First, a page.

This past week, the “Servicemember Family Protection Act” passed the U.S. House of Representatives on a 390-2 vote, passing over to the Senate. The bill has been promoted by Ohio Representative Michael Turner (OH-3) as a way to protect servicemembers from the harsh and unfair actions of non-servicemember parents to deprive the servicemember of their parental rights. No one wants to deprive our servicemember’s of their parental rights or deny their children appropriate parental contact during or after the servicemember returns from deployment.
But there’s a problem. The Servicemember Family Protection Act doesn’t do that.
First, there are no reported cases denying servicemembers custody due to deployment. Nor are there any reported cases documenting incidents in which a servicemember has lost his or her custody rights upon return from deployment for that reason. An American Bar Association White Paper on the bill reports that in the spring of 2010, the U.S. Defense Department found, after an exhaustive survey of reported cases, that there are NO cases where a servicemember lost custody solely due to deployment.
The determination of child custody and parenting time issues has always been the province of the states. Federal courts have vigorously avoided any involvement in child custody matters, directing decisions on those issues to the states because of the states’ courts unique and historical interest in those issues. Child custody cases are decided by judges in all states under the “best interests of the child” standard. Although defined slightly differently in each state, the “best interest” standard holds that every case must be decided on its individual facts based upon an examination of all the family’s circumstances towards a decision that will best serve the child rather than either parent.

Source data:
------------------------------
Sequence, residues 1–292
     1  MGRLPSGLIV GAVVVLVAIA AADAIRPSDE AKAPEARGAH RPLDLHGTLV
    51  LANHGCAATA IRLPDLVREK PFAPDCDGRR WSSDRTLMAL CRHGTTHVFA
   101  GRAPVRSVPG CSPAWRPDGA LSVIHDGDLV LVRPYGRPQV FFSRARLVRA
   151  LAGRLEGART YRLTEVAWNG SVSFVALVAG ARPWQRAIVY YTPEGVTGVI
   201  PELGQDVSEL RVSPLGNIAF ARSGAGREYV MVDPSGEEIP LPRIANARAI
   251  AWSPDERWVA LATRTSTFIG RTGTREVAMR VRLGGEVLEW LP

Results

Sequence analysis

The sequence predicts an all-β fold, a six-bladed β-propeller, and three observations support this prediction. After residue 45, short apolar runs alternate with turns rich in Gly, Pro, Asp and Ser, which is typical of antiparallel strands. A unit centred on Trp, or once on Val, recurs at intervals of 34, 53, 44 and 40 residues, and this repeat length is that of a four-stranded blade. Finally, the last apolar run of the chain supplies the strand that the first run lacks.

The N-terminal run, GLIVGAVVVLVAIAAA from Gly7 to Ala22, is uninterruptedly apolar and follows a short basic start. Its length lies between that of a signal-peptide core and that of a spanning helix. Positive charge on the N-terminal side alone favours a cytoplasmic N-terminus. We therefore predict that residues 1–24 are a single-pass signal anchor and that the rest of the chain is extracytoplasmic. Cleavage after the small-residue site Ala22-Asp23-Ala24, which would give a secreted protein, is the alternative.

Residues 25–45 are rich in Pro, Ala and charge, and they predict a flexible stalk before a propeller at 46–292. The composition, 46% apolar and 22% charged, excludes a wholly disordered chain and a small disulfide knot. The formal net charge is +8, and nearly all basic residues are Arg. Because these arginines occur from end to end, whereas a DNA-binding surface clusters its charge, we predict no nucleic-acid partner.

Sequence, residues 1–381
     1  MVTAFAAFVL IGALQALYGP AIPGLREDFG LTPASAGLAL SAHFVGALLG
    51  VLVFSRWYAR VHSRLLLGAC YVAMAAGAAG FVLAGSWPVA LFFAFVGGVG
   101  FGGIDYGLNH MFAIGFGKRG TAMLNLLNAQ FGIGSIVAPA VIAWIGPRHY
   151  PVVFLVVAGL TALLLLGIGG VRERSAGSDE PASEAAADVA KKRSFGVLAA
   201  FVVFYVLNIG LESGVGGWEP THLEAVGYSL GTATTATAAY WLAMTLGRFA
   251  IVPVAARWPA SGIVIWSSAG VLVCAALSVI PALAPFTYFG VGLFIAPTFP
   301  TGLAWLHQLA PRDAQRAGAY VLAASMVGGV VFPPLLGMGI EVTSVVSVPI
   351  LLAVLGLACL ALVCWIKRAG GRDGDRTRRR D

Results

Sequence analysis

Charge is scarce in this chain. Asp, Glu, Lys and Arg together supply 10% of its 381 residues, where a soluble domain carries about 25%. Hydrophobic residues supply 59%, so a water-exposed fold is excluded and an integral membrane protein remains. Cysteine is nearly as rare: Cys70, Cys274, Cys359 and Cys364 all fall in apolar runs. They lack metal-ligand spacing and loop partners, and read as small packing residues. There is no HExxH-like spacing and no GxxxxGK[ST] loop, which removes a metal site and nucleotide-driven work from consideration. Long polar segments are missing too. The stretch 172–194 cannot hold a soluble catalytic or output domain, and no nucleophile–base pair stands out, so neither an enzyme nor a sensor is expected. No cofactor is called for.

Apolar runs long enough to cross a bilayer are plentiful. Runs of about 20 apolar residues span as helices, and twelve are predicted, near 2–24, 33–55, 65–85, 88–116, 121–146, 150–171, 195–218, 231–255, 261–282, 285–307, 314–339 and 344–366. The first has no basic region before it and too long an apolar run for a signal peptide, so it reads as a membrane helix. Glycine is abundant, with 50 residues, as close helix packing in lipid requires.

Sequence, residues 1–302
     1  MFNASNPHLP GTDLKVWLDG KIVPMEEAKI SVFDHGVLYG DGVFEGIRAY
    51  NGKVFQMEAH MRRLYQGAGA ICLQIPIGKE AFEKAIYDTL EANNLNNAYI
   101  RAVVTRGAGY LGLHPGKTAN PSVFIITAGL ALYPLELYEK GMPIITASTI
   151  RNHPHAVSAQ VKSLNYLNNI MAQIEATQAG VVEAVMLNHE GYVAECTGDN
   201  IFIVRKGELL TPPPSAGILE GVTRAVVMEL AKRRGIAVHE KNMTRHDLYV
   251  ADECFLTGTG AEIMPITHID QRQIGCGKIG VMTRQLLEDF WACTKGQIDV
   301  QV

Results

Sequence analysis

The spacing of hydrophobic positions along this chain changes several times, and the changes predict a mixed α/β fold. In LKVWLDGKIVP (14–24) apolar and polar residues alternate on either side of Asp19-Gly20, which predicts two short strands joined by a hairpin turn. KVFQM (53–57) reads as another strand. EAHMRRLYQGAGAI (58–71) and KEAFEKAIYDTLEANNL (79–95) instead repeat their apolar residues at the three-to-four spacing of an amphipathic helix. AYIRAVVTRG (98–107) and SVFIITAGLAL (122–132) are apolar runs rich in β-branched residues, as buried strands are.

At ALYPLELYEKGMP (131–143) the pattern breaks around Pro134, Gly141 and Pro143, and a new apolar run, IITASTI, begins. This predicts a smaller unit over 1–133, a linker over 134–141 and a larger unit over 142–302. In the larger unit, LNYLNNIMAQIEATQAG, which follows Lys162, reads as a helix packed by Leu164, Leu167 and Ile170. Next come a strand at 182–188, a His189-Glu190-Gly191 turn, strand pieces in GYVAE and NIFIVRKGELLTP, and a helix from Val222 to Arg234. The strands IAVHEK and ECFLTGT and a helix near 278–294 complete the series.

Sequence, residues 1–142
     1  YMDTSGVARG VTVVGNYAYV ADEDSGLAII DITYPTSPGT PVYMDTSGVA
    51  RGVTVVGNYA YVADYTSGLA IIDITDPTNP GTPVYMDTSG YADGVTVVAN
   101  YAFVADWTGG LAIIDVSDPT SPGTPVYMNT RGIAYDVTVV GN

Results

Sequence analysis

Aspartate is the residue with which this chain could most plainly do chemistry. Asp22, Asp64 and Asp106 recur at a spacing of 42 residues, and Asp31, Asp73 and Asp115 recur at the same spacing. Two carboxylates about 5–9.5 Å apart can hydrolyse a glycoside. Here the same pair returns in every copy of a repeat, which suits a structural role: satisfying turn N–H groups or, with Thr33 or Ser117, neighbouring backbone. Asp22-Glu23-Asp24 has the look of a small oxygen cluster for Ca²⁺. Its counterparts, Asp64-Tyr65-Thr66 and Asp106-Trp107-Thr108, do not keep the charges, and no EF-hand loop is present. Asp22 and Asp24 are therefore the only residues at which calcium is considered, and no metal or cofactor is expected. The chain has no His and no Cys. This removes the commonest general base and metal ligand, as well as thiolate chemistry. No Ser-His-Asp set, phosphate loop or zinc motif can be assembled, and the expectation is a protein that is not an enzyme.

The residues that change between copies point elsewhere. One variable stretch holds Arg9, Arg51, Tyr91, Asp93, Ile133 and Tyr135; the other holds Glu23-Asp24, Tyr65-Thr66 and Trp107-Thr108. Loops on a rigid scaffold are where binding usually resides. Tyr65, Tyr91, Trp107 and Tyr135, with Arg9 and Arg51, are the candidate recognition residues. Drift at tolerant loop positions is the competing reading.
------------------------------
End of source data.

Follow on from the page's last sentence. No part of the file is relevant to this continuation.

But the Servicemember Family Protection Act takes the simplistic view that in every case in which a parent is deployed no matter how long that deployment, a court should never be allowed to consider the child’s best interests and determine that the child should remain in the care of the non-servicemember parent or that the parenting time should not change in some way because of the perhaps long period of absence. Instead, the bill mandates that, “the custody order that was in effect immediately preceding the temporary order shall be reinstated.”
But how does an automatic termination of a temporary custodial change consider the best interests of the child? What if the child has become settled in a new environment? What if the child is in the middle of the school year in another school district or another city or state? What if the original custody order did not truly consider the child’s best interests, but was made as an accommodation of circumstances that existed at the time the custody arrangement was originally made that have completely changed in the interim? What if the child and the non-servicemember parent have formed a different bond than they had before the servicemembers deployment that did not exist before the child changed residence from the servicemembers home? What if upon returning from deployment the servicemember chooses to locate to a different place than the servicemember lived before deployment?
Added to this problem is the fact that already 29 states have in place similar or better protections for servicemembers residing in those states – with a new uniform act proposed by the Uniform Laws Commission to provide standards and procedures for resolving visitation and custody issues affecting military personnel and their families, including the resolution of matters in intrastate, interstate, and international contexts. See Uniform Deployed Parents Visitation and Custody Act.